Larry Walters

Lawrence Richard Walters, nicknamed Lawnchair Larry or the Lawn Chair Pilot, (April 19, 1949October 6, 1993) was an American adventurer. He took flight on July 2, 1982 in a homemade aircraft, dubbed Inspiration I, that he had fashioned out of a Sears patio chair and 45 helium-filled weather balloons. He rose to an altitude of 16,000 feet (3 miles) and floated from his point of origin in San Pedro, California into federal airspace near Long Beach airport. The account of his flight was widely reported in newspapers. The feat is noted as an urban legend, albeit one based on actual events.

Preparation and launch
Walters and his girlfriend, Carol Van Deusen, purchased 45 four-foot weather balloons and helium tanks at California Toy Time Balloons. To avoid suspicion, they used a forged requisition from his employer, FilmFair Studios, saying the balloons were for a television commercial shoot. Walters then attached the balloons to his lawnchair, filled them with helium, donned a parachute, and strapped himself to the chair with a pellet gun (with which he intended to shoot the balloons to lower himself), a CB radio, sandwiches, soft drinks, and a camera. After that, things did not work out as he had planned. When his friends cut the cord that had tied his lawnchair to his jeep, Walters' lawnchair, which was planned to rise 100 feet above the ground, quickly rose to a height of about 16,000 feet (3 miles); he did not dare shoot any balloons, fearing that he might unbalance the load. He drifted over Long Beach and crossed the primary approach corridor of Long Beach airport.
After spending about 45 minutes in the sky, though, he came to the conclusion that he would have to shoot a few balloons after all; doing so caused him to descend slowly again, until the balloon's dangling cables got caught in a power line, causing a black out in a Long Beach neighborhood for 20 minutes, but also allowing Walters to climb down to the ground again.

Arrest and notoriety
He was immediately arrested by waiting members of the LAPD; when asked by a reporter why he had done it, Walters replied "a man can't just sit around." He was later fined US$4,000 by the Federal Aviation Administration for violations of the Federal Aviation Act, including operating a "civil aircraft for which there is not currently in effect an airworthiness certificate" and operating an aircraft within an airport traffic area "without establishing and maintaining two-way communications with the control tower." Walters appealed, and the fine was reduced to US$1,500.
Walters also received the top prize from the Bonehead Club of Dallas for his adventure, as well as invitations to The Tonight Show and Late Night with David Letterman and an honorable mention in 1982's Darwin Awards. His lawn-chair balloon was also featured in an episode of Mythbusters.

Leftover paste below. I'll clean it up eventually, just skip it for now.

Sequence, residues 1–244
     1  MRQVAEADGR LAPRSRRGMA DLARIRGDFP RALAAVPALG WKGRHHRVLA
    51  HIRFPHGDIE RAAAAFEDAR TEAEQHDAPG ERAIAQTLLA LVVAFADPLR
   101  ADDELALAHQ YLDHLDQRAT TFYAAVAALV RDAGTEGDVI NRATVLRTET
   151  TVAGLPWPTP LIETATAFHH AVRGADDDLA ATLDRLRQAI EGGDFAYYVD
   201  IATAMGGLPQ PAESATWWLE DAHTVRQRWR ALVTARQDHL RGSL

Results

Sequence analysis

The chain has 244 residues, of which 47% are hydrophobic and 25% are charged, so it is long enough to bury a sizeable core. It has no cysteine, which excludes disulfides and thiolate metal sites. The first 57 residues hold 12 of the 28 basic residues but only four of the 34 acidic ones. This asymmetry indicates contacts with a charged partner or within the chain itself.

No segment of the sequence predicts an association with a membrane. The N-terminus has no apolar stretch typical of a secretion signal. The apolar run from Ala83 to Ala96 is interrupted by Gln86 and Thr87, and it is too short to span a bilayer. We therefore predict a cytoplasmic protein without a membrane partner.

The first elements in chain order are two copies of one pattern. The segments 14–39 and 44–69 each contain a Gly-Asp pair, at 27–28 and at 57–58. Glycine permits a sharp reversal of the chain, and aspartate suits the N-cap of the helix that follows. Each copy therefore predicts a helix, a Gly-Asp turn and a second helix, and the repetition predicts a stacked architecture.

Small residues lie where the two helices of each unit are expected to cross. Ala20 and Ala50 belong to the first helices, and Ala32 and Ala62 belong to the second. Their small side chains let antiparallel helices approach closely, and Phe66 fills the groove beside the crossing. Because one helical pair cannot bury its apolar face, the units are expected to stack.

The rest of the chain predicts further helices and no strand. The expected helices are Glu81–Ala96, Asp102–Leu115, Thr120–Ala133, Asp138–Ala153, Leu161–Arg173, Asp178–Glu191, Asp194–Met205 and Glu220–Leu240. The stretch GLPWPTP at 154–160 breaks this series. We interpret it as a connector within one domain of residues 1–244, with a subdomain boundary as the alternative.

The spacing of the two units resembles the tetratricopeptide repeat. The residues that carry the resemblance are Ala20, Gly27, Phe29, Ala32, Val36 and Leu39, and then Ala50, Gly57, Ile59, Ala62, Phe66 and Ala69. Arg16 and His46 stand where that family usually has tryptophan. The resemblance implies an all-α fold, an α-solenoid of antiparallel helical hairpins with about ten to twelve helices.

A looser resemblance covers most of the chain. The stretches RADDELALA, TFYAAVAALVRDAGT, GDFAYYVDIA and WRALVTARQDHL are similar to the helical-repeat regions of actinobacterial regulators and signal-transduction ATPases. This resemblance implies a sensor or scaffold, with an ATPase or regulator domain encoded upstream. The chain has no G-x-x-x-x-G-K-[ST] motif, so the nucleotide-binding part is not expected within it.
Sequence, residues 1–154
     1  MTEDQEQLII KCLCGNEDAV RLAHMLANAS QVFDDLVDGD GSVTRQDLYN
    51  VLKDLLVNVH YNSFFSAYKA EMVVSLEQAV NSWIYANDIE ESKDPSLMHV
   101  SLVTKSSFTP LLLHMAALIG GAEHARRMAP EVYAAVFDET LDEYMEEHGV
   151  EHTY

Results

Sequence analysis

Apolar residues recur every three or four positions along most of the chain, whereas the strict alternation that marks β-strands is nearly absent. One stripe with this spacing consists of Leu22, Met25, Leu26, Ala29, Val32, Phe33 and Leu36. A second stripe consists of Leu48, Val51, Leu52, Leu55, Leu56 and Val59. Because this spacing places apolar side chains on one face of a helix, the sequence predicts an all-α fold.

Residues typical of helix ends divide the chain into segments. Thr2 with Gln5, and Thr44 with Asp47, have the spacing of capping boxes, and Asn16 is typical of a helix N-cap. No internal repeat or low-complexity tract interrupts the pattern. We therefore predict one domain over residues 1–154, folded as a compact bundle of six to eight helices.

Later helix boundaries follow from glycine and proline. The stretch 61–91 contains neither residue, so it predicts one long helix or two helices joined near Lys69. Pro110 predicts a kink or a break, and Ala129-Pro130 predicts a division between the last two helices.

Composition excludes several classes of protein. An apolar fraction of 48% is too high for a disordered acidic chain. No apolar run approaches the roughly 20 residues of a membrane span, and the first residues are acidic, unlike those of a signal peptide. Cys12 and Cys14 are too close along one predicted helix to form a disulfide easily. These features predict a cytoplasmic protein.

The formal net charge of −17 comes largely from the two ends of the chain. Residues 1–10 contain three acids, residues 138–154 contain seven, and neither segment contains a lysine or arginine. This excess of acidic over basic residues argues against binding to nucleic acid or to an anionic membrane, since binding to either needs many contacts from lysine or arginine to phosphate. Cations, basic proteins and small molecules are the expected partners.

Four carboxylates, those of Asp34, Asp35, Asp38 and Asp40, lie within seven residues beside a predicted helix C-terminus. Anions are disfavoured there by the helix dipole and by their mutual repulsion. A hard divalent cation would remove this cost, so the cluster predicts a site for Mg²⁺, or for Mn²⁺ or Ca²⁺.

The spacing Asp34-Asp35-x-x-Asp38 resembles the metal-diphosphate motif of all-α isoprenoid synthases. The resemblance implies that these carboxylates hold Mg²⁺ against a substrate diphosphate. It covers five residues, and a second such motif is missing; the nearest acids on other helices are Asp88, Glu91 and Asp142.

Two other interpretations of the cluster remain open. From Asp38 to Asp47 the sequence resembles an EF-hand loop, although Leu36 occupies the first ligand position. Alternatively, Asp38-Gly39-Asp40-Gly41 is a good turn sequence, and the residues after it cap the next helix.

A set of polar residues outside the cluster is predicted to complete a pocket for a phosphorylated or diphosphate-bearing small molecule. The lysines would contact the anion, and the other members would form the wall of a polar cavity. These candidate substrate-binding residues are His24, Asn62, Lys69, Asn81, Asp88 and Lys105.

Origin of his plan
The story goes that Walters had always dreamed of flying but was unable to become a pilot in the United States Air Force due to bad eyesight. He first came up with the idea of using weather balloons to fly at age 13, when seeing them hanging from the ceiling of an Army Navy surplus store. His original plan was to attach a couple of helium-filled weather balloons to his lawnchair, then cut the anchor and float above his backyard at a height of about 30 feet for a few hours, finally using a pellet gun to pop the balloons one after another to float gently to the ground again.
Life after the flight
The lawnchair used in his flight was given to an admiring boy named Jerry, although Walters later admitted he regretted doing so. The Smithsonian Institution asked him to donate it to its museum. Twenty years later, the boy, by that time an adult, sent an e-mail to Mark Barry, a pilot who had documented Walters's story and dedicated a Web site to it, and identified himself as the boy who was given the chair. It had been sitting in his garage the whole time, still attached to some of the original tethers and water jugs used as ballast.
Walters was in brief demand as a motivational speaker after his flight and quit his job as a truck driver, but never was able to make much money from his fame. Later on in his life, Walters hiked the San Gabriel Mountains and did volunteer work for the United States Forest Service before committing suicide by shooting himself in the heart in Angeles National Forest on October 6, 1993

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